Guitar God Jeff Beck Blesses Boston

Bonnie Godas

Recent Rock and Roll Hall of Fame inductee Jeff Beck is considered to be a “Guitar God” by his fans and held true to reputation by blowing the top off the new House of Blues Boston. Beck has been performing for forty years with the Yardbirds, featuring Jimmy Page and Eric Clapton, at sixty four years young is just as thrilling and mesmerizing as ever.

Sporting his familiar black mop-top haircut and looking very cool in his tight black pants and vest, Beck was backed by bass prodigy Tal Wilkenfeld, Jason Rebello on keyboards and Vinnie Colaiuta on drums and took his fans on a musical journey ranging from Blues, Jazz Fusion and pure Rock that brought house down.

Opening up predictably with Becks Bolero and continuing through the approximately 85 minute set, Beck took that one guitar, the Fender Stratocaster, and proceeded to provide us with peaks of emotional sounds that screamed ecstasy drawing jaw dropping reactions from the crowd.

Beck doesn’t say much, and in point of fact, he didn’t even acknowledge the crowd until around the eighteenth song. But he doesn’t need to say anything as his playing says it all. No one can get a sound out of an instrument like Beck, who has some of the finest musicians puzzled when they try to wrap their minds around his unique style and method. Also, there is no political agenda here; Jeff Beck just want to do what he does best, which is rock hard and he knows that’s what the crowd wants too.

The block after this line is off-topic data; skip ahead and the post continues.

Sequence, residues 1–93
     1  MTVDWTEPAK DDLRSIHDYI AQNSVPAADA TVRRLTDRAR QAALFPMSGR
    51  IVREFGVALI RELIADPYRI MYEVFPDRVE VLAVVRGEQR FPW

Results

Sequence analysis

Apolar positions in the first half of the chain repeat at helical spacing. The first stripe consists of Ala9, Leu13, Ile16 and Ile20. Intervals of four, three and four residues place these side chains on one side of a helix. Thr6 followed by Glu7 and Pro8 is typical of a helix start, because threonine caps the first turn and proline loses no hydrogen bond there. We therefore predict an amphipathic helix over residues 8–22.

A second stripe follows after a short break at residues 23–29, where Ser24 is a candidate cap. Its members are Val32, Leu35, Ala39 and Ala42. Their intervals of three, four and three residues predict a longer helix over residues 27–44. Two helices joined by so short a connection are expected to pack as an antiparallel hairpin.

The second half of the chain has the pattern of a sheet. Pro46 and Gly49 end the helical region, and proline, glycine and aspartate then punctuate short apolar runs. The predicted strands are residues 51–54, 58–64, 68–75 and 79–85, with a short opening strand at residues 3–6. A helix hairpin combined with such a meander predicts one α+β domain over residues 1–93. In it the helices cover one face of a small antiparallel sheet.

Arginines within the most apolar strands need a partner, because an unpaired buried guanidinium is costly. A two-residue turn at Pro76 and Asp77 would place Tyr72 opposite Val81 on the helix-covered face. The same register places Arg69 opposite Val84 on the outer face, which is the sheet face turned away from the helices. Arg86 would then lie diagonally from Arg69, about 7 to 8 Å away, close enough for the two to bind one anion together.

Beck drove through the set at full throttle making seamless transitions between songs like Pork Pie Hat, a Charles Mingus tune that links both rootsy blues with surreal jazz fusion sound, to “signature songs” like the more poppy Cause We Ended as Lovers. Written by Stevie Wonder, the song is a romantically surreal and highly charged emotional ballad from his album, Blow by Blow that went Gold in 1976. Another treat to his repertoire that has spanned decades of incredible music was his re-creation of a Day in the Life by the Beatles. Where some musicians have the nerve to remake a song in their own image and destroy it, Beck showed that once again he could take a masterpiece such as this, keep it musically intact, and create a style all his own.

Without surprise, Jeff Beck was brought back for more and ended his show with “Peter Gunn Theme”, by Henry Mancini that pulsated with a forceful, contagious baseline that took us all to the end of yet another amazing and unforgettable show.

Davey Knowles opened up for Beck with an acoustic set which took him away for a while from his current band “Back Door Slam”, who will hopefully be touring soon. Knowles, who hails from the tiny Isle of Man located between Ireland and Great Britain is an extremely talented musician with a voice remnant of early Eric Clapton. He finds his passion with styles like the blues, admiring amazing artists like Rory Gallagher. I spoke with him briefly during the show and he told me how honored he was to travel with Beck. I am also always curious to ask visiting artists what they think about Boston and Knowles response, like most, was quite favorable. “Boston has always been a wonderful place to play and to visit. The crowds are great-always quiet in the right places and noisy in all the right places! I can’t wait to come back with my full electric band this summer to promote my new album!”

We can’t wait either!